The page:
It's time to get out of my comfort zone. No more milquetoast, middle-of-the-road reporting from BBC News. No more listening in on conversations with people that I already tend to agree with on most things. Let's get real.
While I was going through my usual, half-assed research routine for things that I'm unfamiliar with, "Behind Enemy Lines Radio" is one of the first conservative podcasts that surfaced. Conservative talk radio is widely recognized as an influential force in the the modern media landscape, but the most popular podcasts centered around current events and politics tend to be left leaning. Listening to archives of Rush Limbaugh or another well known radio host sounded dull, so here we are.
Behind Enemy Lines has a charmingly loose and gritty vibe compared to what I'm used to. Their most recent episode, recorded shortly after the most recent Republican presidential debate, largely consisted drunken cross talk between the hosts of this show, hosts of other shows, and members of the Brooklyn Young Republicans. Commercial breaks included plugs for sketchy sounding vitamin supplements instead of standard podcast affair like Audible and Squarespace. To my personal delight, they also took the "Behind Enemy Lines" motif very seriously, frequently referring to New York as the "People's Republic of New York" and playing some rebellious heavy metal music in the opening.
Beyond the general trappings of the show, I was genuinely curious to see how this group of staunch Republicans views the current crop of Republican presidential candidates. Unsurprisingly, Jeb Bush was derided as being a "liberal" and a "RINO," and the relatively moderate (albeit still quite conservative in absolute terms) John Kasich received plenty of scorn as well. Ted Cruz appeared to be the consensus favorite, which makes some sense, given his Tea Party bona fides.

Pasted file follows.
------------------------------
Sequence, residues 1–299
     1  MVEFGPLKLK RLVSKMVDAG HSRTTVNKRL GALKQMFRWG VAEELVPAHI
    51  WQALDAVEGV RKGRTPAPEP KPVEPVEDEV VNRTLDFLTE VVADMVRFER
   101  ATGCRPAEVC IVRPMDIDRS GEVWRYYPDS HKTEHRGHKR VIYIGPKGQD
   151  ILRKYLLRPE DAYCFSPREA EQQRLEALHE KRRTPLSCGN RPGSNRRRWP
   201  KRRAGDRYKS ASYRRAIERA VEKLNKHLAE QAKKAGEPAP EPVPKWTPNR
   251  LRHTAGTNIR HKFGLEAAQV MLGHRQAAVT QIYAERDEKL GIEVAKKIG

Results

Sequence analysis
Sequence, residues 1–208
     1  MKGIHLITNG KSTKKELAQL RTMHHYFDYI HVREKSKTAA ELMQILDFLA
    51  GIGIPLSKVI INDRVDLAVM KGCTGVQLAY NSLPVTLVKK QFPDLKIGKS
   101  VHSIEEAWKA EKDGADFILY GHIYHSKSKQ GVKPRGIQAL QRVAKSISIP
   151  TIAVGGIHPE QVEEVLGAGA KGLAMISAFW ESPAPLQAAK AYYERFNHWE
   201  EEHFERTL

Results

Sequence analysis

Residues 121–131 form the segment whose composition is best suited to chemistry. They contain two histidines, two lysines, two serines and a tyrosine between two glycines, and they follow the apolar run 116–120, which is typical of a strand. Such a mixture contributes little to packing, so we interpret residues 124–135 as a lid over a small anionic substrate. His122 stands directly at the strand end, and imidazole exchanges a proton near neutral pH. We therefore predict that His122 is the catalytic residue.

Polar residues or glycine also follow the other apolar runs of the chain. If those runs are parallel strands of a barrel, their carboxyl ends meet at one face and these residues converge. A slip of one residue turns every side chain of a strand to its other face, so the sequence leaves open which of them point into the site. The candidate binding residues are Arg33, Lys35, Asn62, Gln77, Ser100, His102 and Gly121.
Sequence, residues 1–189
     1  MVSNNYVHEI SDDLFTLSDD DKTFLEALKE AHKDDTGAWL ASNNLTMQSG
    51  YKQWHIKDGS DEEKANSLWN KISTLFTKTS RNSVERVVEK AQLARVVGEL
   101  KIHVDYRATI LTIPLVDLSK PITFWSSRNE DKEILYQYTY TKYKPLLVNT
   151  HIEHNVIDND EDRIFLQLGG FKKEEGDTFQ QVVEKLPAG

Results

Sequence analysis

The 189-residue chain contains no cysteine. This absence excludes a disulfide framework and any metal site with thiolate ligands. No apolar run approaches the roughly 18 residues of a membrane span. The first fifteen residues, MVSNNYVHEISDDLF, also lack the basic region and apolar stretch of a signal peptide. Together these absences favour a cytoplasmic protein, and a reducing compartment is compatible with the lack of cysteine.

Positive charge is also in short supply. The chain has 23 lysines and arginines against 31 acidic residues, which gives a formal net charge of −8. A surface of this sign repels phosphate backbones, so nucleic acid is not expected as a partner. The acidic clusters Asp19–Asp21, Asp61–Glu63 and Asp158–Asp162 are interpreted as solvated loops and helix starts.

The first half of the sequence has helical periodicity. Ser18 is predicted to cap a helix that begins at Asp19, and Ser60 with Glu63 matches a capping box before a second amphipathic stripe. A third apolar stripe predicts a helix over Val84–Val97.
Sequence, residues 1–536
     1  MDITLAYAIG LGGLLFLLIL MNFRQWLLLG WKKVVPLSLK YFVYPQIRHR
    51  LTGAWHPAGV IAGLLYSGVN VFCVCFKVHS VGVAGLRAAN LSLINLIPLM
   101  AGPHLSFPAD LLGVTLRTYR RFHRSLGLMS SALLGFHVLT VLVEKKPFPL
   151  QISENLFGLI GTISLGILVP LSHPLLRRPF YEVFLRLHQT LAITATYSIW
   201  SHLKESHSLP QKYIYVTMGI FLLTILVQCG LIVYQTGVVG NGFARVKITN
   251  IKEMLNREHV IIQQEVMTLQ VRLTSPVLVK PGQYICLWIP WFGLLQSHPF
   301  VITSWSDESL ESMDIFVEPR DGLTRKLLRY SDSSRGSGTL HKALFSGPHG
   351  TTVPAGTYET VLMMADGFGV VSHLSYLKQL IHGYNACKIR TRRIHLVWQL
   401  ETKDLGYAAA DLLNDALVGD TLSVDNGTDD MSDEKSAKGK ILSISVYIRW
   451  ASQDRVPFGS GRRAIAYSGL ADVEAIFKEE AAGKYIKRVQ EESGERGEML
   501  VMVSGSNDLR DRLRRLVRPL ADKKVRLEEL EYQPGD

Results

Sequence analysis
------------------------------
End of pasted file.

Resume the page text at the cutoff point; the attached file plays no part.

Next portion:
In most cases, however, their opinions were actually quite in line with the "mainstream" perspective. To take Donald Trump as an example, most of the participants in this podcast portrayed him as a charismatic figure that is severely lacking in terms of concrete policy proposals. Along with some gratuitous speculation as to whether or not she is a "MILF," several of the discussants brought up Carly Fiorina as the person most likely to get a bump in the polls following her strong debate performance. There was even a short period of time where I almost forgot about the discussants' political leanings, until one of the guests asked if it would be okay for him to refer to CNN's staff as "liberal d-bags."
I will say that listening to this made me question some of the ways that I choose to casually talk about politics with people that I know. Perhaps all of my sick Mike Huckabee burns aren't actually all that insightful or witty, particularly to anyone who happens to disagree with me... Nah, that can't be. Everything that I say is the best. Go me!